Archive for RapidShot

Pro Hockey Life – Vaughan Mills

Posted in Shops with tags , , , , , , on January 3, 2013 by prostocknation

I visited Pro Hockey Life at the Vaughan Mills Outlet in Vaughn, Ontario a short while ago.  Being from the west coast this was one of the shops that I only read about and saw videos of online.  Even back home our so-called “Megastores” are only a fraction of the size of this giant.

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Upon walking into the store there are 4 mannequins fully decked out in the latest gear along with a very abstract hockey stick piece of art hanging from the ceiling.
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All of the equipment was carefully displayed and sized accordingly.  Finding what you needed was very easy even without the help of the sales associates, which there were lots of but nobody greeted us except for the girl at the cash register and the employee working at the Rapid Shot (more on this later.)

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The pants, which are one of the most difficult pieces of merchandise to sort through and organize, were stored on massive shelves in the middle of the store.

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After walking through “Stick Alley” it leads you directly to the Rapid Shot.  (Check out our previous posts and experiences with it: https://prostocknation.wordpress.com/tag/rapidshot/)  For those of you unfamiliar with Rapid Shot it is the batting cage of hockey.  You are given 16 pucks to shoot and are rated based on shot speed, accuracy and reaction time.

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The Rapid Shot here is set up exactly like the one we tested before at Rogers Arena in Vancouver, BC.  I really wish more stores had this installed as it will make the stick buying decision much quicker and easier.  I have had many dilemmas contemplating which stick I should buy only going by the in-store feel.  Some of the times I’ve purchased sticks that felt excellent in store but once it came time to using it on the ice I absolutely hated it.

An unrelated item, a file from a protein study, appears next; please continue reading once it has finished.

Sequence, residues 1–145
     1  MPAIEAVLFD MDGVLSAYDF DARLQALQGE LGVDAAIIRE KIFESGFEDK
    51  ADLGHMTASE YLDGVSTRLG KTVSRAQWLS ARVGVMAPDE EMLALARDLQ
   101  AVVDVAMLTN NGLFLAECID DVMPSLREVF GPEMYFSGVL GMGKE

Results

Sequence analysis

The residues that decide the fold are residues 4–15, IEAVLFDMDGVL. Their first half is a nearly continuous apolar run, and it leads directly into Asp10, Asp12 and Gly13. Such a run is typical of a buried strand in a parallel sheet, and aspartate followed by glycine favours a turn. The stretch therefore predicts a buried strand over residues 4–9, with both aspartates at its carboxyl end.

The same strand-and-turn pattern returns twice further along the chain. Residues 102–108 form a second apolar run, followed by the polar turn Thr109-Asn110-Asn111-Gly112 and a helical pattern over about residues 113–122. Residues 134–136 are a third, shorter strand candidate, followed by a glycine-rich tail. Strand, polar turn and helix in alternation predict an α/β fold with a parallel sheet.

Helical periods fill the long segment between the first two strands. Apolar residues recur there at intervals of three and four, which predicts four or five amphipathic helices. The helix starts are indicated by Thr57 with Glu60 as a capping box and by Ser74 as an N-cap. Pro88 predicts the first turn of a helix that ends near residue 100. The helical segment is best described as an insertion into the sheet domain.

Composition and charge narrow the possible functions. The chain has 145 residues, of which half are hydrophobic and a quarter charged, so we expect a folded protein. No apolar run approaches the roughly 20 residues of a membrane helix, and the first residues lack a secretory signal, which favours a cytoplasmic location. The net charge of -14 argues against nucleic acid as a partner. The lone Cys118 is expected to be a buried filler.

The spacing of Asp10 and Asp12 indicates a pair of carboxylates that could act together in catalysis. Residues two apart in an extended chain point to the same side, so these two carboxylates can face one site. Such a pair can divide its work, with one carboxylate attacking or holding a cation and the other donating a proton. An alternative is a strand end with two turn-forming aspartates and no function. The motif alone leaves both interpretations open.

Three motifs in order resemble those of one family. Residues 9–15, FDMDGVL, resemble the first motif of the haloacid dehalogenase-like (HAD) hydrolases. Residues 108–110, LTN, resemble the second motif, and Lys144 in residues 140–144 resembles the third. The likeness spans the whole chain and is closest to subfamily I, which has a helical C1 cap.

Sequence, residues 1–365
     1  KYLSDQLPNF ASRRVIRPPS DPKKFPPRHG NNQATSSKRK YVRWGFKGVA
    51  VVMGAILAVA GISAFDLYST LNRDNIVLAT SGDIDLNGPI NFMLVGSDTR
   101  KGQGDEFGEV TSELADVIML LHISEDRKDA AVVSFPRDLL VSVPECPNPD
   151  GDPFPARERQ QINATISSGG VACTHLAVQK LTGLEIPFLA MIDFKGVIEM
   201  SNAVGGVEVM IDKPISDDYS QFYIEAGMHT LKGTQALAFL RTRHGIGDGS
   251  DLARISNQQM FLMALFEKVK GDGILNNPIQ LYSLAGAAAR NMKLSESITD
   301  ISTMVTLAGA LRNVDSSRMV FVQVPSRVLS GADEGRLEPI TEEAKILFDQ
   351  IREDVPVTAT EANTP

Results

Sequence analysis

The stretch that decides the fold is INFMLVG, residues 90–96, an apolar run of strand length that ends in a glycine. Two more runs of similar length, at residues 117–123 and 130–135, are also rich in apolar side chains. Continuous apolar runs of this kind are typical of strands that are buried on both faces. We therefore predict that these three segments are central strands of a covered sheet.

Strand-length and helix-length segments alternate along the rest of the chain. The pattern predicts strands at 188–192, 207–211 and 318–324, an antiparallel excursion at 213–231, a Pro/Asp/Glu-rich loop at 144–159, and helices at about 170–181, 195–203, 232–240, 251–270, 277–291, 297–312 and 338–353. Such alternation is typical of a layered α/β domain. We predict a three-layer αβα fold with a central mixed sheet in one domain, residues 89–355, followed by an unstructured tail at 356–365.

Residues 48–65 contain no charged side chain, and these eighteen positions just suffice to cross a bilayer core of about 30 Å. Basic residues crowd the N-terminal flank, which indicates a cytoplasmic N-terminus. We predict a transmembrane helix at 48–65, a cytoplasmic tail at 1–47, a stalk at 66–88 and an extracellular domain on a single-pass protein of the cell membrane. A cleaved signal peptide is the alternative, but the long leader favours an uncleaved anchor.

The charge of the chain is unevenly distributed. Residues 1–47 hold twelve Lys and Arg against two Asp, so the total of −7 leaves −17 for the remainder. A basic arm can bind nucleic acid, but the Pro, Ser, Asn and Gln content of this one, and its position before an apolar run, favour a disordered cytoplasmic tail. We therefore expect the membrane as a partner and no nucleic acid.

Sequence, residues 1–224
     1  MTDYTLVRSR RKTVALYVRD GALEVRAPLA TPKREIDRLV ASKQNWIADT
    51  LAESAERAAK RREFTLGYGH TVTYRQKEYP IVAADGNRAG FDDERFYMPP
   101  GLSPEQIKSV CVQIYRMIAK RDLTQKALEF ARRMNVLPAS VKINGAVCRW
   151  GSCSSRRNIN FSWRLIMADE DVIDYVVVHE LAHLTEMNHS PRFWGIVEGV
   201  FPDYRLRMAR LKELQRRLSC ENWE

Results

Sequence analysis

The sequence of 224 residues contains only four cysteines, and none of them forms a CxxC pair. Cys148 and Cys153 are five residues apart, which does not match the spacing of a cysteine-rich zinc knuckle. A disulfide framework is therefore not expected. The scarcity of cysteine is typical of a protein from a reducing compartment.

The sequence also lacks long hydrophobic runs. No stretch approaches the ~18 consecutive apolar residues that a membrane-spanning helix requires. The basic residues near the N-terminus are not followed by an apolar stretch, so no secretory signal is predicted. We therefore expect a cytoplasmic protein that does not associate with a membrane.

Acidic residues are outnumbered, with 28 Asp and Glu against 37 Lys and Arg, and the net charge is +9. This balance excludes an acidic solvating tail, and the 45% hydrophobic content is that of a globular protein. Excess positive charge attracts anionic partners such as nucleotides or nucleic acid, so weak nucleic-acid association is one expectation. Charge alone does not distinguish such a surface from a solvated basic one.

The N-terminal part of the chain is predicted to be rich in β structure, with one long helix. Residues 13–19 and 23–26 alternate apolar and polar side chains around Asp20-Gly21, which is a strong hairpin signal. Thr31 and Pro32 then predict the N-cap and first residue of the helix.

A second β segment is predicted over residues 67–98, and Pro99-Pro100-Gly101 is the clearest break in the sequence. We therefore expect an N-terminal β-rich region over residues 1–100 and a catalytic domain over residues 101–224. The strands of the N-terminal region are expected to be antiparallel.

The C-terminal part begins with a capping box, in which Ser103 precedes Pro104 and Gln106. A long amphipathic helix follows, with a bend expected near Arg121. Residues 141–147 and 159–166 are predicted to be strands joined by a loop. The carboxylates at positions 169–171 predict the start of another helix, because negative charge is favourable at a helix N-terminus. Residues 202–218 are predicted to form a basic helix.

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Pro Hockey Life in Vaughan, Ontario is a definite must visit if you are in the area.  While I did not find any pro stock hockey equipment at this location I was still in awe at the size and selection available at this store.  Make sure to give the Rapid Shot a try before you leave!

– M

Pro Hockey Life Vaughan Mills
1 Bass Pro Mills Drive Unit C3
Vaughan, ON L4K 5W4
Canada

(905) 669-9088
www.ProHockeyLife.com

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ProStockNation.com – 2nd Attempt At RapidShot

Posted in ProStockNation.com Announcements with tags , , , , on April 9, 2011 by prostocknation

We went for another session in the ever addicting RapidShot cage located at Rogers Arena in Vancouver, BC yesterday.  -E and -M finished first and second but most important of all, we defeated @ray_supastar on Twitter by an absolute landslide.  This was a very sweet victory after having to listen to his trash talks for several weeks leading up to this contest.

– M’s best score: 117
– E’s best score: 146
@ray_supastar’s best score: 11

Check out this video of – M shooting.  It’s far from perfect but it gives you an idea of what to expect from the RapidShot.  If you ever have the chance to shoot in there, go for it.  It’s an excellent training tool.

 

– M

RapidShot: Revisited

Posted in Uncategorized with tags , on November 8, 2010 by prostocknation

The next time your team scrimmages and you’re short one goaltender, strap on a shooter tutor at the other end instead of shooting at an empty net.  I’ll explain later.

We were down at Rogers Arena for the Canucks/Red Wings game and I just couldn’t resist another showdown with the RapidShot.  For those unfamiliar with the RapidShot, please check out our post on it a little while back: https://prostocknation.wordpress.com/2010/10/24/rapidshot-hockey-training-system-rogers-arena-vancouver-bc-canada/

Professional players getting paid millions of dollars to play the game are getting scores of around 300; I’m not making as much as they are so I’m not expecting the same results either.  I shot a disappointing 49.1 at our first session.  My goal for this second time around was to improve on my original score.

I remember often times back in minor hockey we’d shoot on an empty net at one end during scrimmages because we didn’t have a second goaltender.  Of course it wouldn’t be fair if one team could score on an unmanned net so you were told to hit the posts or crossbar.  Ever since that day, shooting at an empty net didn’t feel right unless you heard the ‘ping’ of the iron.